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Date:      2 Jan 2003 14:04:40 -0500
From:      "Karl Vogel" <>
Cc:        freebsd-questions@FreeBSD.ORG
Subject:   Re: securing apache2 on freebsd
Message-ID:  <>
In-Reply-To: <000001c2b23e$9edf0e50$952b6e94@lucifer>

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>> On Thu, 2 Jan 2003 10:09:13 +0100, 
>> "Didier Wiroth" <> said:

D> How secure is the default installation of apache? Can you tighten it up
D> if you only use static html content, no cgi, no php etc..?

   If you're looking for security first, go with a smaller and simpler
   webserver like wn.  See for more info.
   Here's a short blurb from the overview:

     The primary design goals for WN are security, robustness, and
     flexibility, in that order.  One of its objectives is to provide
     functionality usually available only with complex CGI programs
     without the necessity of writing or using these programs.  (Of course
     CGI/1.1 is fully supported for those who want it).  Despite this
     extensive functionality the WN executable is substantially smaller
     than the CERN httpd, NCSA httpd or Apache servers.

     WN was planned with a focus on serving HTML documents.  This means
     such things as enabling full text searching of a single logical
     HTML document which may consist of many files on the server, or
     allowing users to search all titles on the server and obtain a menu
     of matching items, or allowing users to download a total logical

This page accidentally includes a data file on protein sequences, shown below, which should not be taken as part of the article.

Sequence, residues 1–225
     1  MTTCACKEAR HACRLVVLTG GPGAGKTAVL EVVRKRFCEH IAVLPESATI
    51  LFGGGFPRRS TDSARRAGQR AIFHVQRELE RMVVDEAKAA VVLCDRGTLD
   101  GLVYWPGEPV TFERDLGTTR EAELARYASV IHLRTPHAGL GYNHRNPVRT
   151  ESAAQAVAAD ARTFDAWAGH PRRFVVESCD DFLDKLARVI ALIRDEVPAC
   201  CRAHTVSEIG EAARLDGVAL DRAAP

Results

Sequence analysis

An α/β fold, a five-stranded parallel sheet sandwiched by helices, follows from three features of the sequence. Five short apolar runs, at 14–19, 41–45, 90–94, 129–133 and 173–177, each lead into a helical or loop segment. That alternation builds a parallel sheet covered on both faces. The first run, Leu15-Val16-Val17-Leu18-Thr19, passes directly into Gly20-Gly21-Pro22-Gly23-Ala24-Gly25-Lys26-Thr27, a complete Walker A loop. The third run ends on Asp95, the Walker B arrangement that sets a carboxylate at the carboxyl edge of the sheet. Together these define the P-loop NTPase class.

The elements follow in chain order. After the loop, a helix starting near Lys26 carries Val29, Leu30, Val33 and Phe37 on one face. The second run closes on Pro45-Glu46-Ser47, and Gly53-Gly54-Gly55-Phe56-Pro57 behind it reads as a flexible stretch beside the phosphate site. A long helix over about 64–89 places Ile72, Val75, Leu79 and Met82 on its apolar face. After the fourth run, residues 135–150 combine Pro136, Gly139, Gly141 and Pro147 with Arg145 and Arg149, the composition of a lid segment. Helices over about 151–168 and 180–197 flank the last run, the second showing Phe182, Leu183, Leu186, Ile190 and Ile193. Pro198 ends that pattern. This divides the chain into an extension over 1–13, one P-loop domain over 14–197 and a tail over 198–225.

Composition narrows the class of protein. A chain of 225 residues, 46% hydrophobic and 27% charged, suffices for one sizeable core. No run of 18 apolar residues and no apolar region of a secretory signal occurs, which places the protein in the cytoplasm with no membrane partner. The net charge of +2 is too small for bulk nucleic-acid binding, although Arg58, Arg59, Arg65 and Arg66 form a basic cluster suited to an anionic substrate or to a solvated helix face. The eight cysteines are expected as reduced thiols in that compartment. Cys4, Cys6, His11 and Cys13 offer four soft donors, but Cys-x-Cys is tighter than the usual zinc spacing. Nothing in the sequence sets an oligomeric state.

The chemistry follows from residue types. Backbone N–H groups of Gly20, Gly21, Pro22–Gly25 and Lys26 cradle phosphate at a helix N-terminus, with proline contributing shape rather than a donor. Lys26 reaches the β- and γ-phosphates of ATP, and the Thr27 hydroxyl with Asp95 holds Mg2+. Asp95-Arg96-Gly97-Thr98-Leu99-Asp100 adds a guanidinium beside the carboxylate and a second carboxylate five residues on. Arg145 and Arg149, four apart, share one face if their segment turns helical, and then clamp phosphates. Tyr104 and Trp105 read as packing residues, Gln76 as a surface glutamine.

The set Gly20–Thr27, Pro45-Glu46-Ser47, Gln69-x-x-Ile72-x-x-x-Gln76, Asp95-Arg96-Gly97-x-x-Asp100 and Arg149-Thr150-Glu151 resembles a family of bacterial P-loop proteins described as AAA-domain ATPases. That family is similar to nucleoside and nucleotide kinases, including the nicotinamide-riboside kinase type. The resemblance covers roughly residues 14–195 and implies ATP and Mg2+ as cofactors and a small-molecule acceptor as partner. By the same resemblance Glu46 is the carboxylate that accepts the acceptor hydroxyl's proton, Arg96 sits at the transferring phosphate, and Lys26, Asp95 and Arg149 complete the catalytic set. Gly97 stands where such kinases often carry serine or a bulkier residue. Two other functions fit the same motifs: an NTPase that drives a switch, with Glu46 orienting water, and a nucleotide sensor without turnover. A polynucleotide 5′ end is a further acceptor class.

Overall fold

document for printing which, in fact, consists of many linked files
     on the server.  All of these are done in a way which is transparent
     to the user.

     When WN receives a request, say for /dir/foo.html, it looks in the
     file /dir/index.cache which contains lines like:


     If the server finds a line starting with "file=foo.html" then the
     file will be served.  If such a line does not exist the file will
     not be served (unless special permission to serve all files in the
     directory has been granted).  This is the basis of WN security.
     Unlike other servers, the default action for WN is to deny access
     to a file.  A file can only be served if explicit permission to do
     so has been granted by entering it in the index.cache database or
     if explicit permission to serve all files in /dir has been given in
     the index.cache file in /dir.

     This database also provides other security functions.  For example,
     restricting the execution of CGI/1.1 programs can be done on the
     basis of the ownership (or group ownership) of their index.cache
     files.  There is no need to limit execution to programs located in
     particular designated directories.  The location of a file in the
     data hierarchy should be orthogonal to security restrictions on it
     and this is the case with the WN server.

Karl Vogel, ASC/YCOA            I don't speak for the USAF or my company                

If I get only one thing for Christmas, I hope it's your sister.
                                               --rejected Hallmark Cards

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